This is a creation myth of the Banaban people from Banaba island, Kiribati, in Micronesia.

In the beginning were born Tabakea and his sister Tituabine from the rubbing together of heaven and earth. And as yet it was all a black darkness, for heaven and earth were not yet separated. From the overside of heaven, as it lay upon earth, sprang Banaba. This was the navel of Tebongiro, which is to say, the multitude of islands that were in the darkness of heaven and earth.

Then Tabakea lay with his sister Tituabine on Banaba, and she bore him children. Firstborn was a son, whose name was Nakaa the old one. After him were born many others, both men and women. They all lived on Banaba, and Nakaa was chief of them all, for he was the firstborn.

But in those days, the people were innocent. The men knew not the women. So, the brothers of Nakaa lived with him on the north- west side of Banaba, in the place called Bouru. And the women, their sisters, lived apart from the men, on the southeast side of Banaba.

In Bouru, the place of the men, there was a fish trap by the shore, where the fish might never be exhausted. And yet, there was but a single fish in the trap at a time. But, when it was taken out, another took its place right away. In Bouru, there also grew the coconut tree whose fruit was inexhaustible. Yet there grew but a single coconut on the tree at a time. But when it was plucked, another grew right away on the same stalk. The name of that tree was Tarakaimaiu, the Tree of Life.

In the place of the women on the southeast side of Banaba there also stood a Tree, whose name was Karikibai. That Tree was a woman, and all the brothers of Nakaa were forbidden to approach her.  

One day, Nakaa said to his brothers, ‘I go on a journey. See that ye pluck not the flowers of the woman called Karikibai.’ So, he left them, and for a while they remembered his judgment. But the wind bore them the scent of the woman’s flowers, and their hearts were full of desire. They said one to another, ‘Let us go and see for ourselves; perchance some good thing may happen that Nakaa begrudges us.’ So, they went and plucked the woman’s flowers and disported themselves with her.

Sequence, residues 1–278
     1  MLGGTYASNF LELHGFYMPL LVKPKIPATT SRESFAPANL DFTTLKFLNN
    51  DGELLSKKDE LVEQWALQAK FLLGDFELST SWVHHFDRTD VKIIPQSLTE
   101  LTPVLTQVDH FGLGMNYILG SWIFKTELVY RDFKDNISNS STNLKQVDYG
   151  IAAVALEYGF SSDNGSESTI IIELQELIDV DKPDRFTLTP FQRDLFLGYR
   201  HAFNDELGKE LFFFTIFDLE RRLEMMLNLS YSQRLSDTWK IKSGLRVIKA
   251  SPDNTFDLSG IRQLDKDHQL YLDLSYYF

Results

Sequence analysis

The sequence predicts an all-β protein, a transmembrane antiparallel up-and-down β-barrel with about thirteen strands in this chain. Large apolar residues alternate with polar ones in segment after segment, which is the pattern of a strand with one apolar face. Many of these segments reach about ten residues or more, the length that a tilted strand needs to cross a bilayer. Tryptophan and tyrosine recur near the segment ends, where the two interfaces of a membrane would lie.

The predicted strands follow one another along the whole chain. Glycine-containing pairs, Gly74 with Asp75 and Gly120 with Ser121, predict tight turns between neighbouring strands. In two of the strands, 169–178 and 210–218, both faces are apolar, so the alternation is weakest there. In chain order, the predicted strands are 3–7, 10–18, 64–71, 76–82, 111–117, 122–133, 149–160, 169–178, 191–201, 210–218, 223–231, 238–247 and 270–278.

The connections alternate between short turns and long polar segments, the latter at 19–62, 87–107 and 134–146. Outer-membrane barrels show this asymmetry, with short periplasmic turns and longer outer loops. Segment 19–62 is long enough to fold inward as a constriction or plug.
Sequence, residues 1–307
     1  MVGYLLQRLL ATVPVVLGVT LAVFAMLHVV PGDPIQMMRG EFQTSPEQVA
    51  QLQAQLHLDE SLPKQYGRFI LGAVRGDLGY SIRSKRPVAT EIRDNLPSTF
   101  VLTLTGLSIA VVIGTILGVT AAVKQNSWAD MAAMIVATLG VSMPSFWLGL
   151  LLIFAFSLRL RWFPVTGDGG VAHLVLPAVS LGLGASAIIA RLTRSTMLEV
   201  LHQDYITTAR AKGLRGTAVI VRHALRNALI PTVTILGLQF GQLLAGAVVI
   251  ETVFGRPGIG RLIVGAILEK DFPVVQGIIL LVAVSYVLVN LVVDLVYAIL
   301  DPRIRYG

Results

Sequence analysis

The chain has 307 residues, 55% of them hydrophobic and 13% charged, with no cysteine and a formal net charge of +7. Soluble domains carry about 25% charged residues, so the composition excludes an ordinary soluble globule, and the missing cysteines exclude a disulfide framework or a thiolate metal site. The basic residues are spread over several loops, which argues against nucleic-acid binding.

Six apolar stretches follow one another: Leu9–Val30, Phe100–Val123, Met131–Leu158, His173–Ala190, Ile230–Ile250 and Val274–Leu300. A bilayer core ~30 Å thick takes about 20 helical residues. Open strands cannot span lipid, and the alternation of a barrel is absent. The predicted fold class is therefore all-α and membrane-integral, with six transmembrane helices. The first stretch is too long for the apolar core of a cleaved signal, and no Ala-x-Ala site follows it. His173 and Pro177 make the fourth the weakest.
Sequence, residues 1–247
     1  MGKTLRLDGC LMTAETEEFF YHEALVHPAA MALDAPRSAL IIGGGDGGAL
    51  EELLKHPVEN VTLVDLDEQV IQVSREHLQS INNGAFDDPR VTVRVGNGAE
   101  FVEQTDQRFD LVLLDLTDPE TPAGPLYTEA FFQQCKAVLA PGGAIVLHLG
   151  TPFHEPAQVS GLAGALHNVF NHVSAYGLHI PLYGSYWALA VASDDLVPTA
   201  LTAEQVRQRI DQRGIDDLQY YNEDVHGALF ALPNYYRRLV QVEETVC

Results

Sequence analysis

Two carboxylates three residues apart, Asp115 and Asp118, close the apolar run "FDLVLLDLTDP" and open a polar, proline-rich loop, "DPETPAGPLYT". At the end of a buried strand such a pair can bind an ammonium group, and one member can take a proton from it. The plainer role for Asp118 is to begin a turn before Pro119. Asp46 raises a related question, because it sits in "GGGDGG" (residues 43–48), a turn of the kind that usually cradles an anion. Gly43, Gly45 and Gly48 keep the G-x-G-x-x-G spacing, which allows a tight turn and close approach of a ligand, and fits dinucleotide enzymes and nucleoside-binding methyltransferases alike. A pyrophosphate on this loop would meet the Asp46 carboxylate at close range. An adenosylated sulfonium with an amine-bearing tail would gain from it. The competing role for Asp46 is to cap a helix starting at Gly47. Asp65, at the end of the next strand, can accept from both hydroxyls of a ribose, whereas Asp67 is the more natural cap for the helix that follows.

When Nakaa returned from his journey, he looked upon the faces of his brothers and knew that they were no longer children. He was aware of a sweet smell in the air, and knew that it was the smell of the woman’s flowers in their hair. He seized hold of them one by one and searched the hairs of their heads. Behold, their hair was beginning to turn grey. And he went to the women of the Tree in the East, and it was the same with them.

So, Nakaa was full of anger and said, ‘Fools, that could not abide my word! Old age and death are come among you!’  

And he knew that their eyes were blinded, and their hearts darkened with unwisdom. So, he led them to the Tree of Life, and he led them again to the Tree of the Woman, saying, ‘Choose, ye fools, between the two Trees, and I will take away with me the Tree that ye choose not.’ This he did to try them. And lo, they chose the

Tree of the Woman, that is also called Tarakaimate, the Tree of Death. And Nakaa arose to leave them, taking with him the Tree of Life.  

But before he left them, he flung at them a handful of small insects that he had made, wrapped in the leaves of the pandanus tree. And the insects settled on the backs of their heads, and never again left them, nor their children, nor their children’s children, until today. And they began to bore at the base of their skulls, until the life was eaten out. And so, men came by their death. And because of the pandanus leaves in which the death-insects were wrapped, we enshroud our dead in a winding-sheet of pandanus leaf matting even to this day.

As for Nakaa, he took away with him the Tree of Life and the fish trap that is never empty. He departed to the western horizon, and there he sits in the heavens awaiting the souls of dead mortals. He faces north, forever weaving nets. And when a soul comes to him, he catches it in the flying strand and laughs with scorn, saying, ‘Child of the Woman, thou art come back to me, for my word was a hard word in Bouru.’

Then with jibing words he gazes upon the soul, and if it is of a comely appearance his heart is softened, and he says, ‘Pass on to the Tree of Life.’ But if the soul is of an unpleasant shape, he throws it into the midst of a struggling heap of souls that are condemned to writhe in everlasting entanglement. The name of that heap is Te Rekerua.